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New anti-angiogenic proteins discovered

Scientists at UCLA and Human Genome Sciences report discovery of two human proteins, METH-1 and METH-2, that inhibit blood vessel formation

More potent than endostatin, with potential for treating a range of cancer tumors

A team of scientists working at UCLA and Human Genome Sciences (NASDAQ: HGSI) discovered two human proteins that inhibit the formation of new blood vessels and have potential for treating cancer through suppression of tumor growth.

The two proteins, named METH-1 and METH-2, were shown to be much more active than endostatin in preventing blood vessel formation and may have applications in creating treatments for a broad range of tumor types.

The discovery of these two proteins and their anti-angiogenic activity is described in the August 13, 1999 issue of Journal of Biological Chemistry. The paper may be accessed at http://www.jbc.org .

The team, led by UCLA molecular biologist Luisa Iruela-Arispe, found that both METH-1 and METH-2 inhibited blood vessel formation in two standard biological model systems, the cornea pocket model and the chorioallontoic membrane model.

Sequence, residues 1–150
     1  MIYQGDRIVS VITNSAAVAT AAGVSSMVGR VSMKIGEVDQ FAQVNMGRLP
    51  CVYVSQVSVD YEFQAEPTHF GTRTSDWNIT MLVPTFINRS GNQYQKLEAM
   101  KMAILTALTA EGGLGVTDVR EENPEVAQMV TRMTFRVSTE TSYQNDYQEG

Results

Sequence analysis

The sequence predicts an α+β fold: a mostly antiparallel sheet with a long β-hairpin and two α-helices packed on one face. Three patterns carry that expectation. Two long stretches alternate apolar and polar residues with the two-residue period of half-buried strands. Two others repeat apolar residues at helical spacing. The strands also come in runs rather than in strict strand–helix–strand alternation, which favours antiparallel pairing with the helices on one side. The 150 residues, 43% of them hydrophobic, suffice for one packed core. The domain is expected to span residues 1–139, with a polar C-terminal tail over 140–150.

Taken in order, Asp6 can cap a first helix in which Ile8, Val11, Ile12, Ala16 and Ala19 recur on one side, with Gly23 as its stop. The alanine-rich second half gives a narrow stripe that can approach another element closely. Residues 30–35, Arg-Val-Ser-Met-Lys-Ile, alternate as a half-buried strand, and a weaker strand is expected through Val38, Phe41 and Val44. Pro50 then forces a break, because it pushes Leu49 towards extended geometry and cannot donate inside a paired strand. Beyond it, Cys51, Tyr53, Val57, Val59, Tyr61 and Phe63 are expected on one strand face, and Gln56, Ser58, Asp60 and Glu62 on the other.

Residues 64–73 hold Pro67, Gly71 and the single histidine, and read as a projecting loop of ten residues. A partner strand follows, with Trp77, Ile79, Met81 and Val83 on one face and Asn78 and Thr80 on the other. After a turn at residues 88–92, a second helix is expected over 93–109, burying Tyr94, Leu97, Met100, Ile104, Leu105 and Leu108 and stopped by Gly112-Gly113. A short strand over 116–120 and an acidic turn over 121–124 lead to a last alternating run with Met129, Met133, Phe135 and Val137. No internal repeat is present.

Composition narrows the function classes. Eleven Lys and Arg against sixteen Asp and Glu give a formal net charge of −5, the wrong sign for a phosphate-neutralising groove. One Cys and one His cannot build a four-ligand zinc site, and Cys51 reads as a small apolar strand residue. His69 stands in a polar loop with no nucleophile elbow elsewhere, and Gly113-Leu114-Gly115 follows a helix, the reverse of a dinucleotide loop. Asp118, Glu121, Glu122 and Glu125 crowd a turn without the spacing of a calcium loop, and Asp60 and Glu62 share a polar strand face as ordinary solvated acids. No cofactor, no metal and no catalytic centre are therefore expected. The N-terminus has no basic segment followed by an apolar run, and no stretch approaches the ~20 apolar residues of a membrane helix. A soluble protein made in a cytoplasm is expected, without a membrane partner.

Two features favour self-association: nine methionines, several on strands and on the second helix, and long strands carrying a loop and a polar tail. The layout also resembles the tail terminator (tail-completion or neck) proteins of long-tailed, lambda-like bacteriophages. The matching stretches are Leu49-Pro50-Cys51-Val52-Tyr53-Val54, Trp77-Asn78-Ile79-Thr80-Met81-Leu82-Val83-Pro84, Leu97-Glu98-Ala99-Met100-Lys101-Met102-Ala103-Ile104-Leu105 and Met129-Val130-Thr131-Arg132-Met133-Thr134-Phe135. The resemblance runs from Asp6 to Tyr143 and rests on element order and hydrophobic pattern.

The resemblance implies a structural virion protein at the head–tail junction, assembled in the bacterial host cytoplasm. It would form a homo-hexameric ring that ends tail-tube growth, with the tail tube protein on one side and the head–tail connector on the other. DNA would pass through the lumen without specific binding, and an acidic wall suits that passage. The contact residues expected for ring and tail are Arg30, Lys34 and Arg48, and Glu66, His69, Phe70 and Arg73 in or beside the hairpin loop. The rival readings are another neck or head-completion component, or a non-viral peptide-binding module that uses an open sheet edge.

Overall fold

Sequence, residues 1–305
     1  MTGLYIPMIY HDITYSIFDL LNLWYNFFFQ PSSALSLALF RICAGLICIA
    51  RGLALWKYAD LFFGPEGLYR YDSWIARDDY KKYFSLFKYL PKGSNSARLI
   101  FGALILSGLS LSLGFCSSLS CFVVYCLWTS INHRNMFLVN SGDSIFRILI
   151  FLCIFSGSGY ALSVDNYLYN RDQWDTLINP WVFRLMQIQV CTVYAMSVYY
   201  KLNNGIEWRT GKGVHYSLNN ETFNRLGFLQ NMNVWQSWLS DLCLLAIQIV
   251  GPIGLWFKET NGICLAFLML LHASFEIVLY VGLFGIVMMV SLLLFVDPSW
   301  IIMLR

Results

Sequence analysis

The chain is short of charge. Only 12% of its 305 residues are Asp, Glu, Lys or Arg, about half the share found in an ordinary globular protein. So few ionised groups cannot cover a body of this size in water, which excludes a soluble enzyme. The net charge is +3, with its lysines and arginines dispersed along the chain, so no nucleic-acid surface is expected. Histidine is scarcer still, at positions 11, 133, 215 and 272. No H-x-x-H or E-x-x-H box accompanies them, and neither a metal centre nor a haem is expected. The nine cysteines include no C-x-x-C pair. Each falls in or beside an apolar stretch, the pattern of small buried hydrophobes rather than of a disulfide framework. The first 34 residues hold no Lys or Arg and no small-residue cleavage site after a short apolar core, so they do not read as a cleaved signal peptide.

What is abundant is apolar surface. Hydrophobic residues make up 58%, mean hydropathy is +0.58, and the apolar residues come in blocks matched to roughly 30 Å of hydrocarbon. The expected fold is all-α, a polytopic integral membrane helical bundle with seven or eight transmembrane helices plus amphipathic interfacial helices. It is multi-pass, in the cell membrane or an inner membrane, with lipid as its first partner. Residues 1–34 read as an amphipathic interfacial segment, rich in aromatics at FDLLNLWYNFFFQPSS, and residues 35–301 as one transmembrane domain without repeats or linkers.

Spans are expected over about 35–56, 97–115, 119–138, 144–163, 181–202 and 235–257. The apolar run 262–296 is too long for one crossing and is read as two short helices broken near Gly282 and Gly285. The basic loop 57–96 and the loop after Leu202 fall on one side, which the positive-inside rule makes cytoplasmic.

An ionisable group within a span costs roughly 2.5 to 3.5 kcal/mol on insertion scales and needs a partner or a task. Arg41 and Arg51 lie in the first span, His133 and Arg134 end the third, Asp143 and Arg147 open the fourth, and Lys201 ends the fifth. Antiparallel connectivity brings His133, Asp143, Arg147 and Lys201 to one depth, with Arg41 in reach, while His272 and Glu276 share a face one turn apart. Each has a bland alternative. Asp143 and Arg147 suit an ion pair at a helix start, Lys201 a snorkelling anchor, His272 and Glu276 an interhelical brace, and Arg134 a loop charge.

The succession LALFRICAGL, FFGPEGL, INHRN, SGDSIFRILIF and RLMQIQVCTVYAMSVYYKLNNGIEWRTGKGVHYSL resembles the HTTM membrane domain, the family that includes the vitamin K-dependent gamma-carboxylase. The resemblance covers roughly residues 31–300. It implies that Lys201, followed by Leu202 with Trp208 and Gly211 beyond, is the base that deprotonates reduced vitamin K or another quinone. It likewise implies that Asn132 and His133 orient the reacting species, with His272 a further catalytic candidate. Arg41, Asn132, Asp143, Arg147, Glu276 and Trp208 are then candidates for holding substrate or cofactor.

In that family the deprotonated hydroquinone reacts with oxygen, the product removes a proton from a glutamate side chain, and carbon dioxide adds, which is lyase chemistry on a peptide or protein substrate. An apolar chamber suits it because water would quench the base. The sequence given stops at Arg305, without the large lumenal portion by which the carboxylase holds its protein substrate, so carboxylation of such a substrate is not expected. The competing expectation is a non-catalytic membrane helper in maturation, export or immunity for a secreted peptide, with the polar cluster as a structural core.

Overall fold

The ability of METH-1 and METH-2 to inhibit new blood vessel formation in the cornea pocket model was compared to that of both endostatin and thrombospondin, two other human proteins. The study showed that METH-1 was most potent in inhibiting blood vessel growth, followed by thrombospondin and endostatin.

A solid tumor cannot grow beyond the size of a pinhead unless it has an independent blood supply to deliver the oxygen and nutrients that the malignancy needs to advance and spread. To feed itself, a tumor develops its own blood supply, a process called angiogenesis. Researchers hope anti-angiogenic drugs can interrupt that process, thereby cutting off the blood supply to the tumor and, hopefully, killing it.
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Contact: Kate de Santis
kate_de_santis@hgsi.com
301-251-6003
Human Genome Sciences, Inc.
5-Aug-1999


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